A restaurant is an establishment which prepares and serves food and drink to customers in return for money, either paid before the meal, after the meal, or with a running tab. Meals are generally served and eaten on premises, but many restaurants also offer take-out and food delivery services. Restaurants vary greatly in appearance and offerings, including a wide variety of the main chef’s cuisines and service models.
While inns and taverns were known from antiquity, these were establishments aimed at travelers, and in general locals would rarely eat there. Modern restaurants are dedicated to the serving of food, where specific dishes are ordered by guests and are prepared to their request. The modern restaurant originated in 18th century France, although precursors can be traced back to Roman times.
A restaurant is called a restaurateur; both words derive from the French verb restaurer, meaning “to restore”. Professional artisans of cooking are called chefs, while preparation staff and line cooks prepare food items in a more systematic and less artistic fashion.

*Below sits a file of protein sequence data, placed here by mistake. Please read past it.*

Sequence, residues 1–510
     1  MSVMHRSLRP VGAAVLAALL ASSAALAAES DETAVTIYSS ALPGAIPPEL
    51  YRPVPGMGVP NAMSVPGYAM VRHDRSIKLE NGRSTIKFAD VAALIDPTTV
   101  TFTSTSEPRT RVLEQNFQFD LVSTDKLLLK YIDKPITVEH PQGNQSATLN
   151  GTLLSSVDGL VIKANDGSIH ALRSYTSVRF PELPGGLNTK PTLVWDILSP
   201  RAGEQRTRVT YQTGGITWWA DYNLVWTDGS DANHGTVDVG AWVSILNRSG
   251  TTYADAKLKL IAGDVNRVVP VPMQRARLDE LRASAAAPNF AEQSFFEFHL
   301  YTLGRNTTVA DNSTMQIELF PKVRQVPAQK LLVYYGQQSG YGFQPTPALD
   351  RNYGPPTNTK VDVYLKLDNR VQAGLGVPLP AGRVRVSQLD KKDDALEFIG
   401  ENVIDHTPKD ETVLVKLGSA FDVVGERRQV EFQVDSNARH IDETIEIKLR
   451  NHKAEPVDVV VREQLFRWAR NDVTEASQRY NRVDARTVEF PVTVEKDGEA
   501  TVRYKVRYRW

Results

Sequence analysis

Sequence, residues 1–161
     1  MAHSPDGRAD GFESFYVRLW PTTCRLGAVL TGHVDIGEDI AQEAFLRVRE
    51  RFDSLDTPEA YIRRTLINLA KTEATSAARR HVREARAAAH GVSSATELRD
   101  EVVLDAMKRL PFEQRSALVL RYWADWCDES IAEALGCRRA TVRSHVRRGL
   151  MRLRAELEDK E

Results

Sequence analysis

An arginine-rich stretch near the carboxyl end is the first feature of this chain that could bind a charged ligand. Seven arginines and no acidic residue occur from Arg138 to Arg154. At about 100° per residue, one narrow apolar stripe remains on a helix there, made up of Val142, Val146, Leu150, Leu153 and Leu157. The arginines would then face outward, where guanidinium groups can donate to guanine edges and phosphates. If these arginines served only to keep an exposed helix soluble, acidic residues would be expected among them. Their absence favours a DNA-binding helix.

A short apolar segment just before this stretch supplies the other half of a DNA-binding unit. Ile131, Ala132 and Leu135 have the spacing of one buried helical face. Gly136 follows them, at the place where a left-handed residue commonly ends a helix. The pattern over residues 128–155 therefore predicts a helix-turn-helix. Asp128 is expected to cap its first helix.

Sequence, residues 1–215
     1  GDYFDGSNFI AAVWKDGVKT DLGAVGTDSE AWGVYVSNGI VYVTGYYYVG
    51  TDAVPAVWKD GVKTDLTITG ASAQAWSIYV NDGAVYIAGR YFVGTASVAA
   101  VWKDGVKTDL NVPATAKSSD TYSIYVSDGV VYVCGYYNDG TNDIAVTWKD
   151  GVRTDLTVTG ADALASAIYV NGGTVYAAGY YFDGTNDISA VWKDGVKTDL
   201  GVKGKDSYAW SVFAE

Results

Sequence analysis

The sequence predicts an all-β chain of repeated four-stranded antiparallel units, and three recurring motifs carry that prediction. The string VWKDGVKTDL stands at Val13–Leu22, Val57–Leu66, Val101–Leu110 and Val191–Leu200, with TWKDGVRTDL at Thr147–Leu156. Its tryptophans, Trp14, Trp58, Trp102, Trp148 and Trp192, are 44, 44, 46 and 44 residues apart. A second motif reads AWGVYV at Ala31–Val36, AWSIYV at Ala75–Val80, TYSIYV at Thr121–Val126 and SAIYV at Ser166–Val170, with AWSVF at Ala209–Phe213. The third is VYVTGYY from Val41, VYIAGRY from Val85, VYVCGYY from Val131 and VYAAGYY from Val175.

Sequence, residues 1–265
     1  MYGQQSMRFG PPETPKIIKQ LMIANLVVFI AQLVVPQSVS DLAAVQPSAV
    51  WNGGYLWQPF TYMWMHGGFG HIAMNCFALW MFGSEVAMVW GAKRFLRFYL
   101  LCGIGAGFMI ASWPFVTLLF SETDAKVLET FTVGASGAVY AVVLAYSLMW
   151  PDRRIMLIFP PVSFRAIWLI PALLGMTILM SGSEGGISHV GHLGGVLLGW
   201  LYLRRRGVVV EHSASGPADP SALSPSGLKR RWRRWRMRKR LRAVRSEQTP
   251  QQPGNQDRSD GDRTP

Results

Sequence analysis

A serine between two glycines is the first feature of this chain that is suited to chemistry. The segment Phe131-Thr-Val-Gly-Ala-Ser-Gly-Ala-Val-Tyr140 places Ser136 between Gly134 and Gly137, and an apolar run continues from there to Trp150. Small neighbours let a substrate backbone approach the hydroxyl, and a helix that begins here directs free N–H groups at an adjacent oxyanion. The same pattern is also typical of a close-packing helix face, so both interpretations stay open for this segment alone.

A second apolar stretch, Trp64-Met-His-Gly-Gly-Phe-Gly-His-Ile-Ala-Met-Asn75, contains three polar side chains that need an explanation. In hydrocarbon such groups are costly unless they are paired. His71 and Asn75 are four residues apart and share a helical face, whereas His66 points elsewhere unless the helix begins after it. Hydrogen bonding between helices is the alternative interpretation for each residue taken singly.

In Ancient Rome, thermopolia (singular thermopolium) were small restaurant-bars which offered food and drinks to the customer. A typical thermopolium had L-shaped counters into which large storage vessels were sunk, which would contain either hot or cold food. They are linked to the absence of kitchens in many dwellings and the ease with which people could purchase prepared foods. Furthermore, eating out was considered an important aspect of socialising.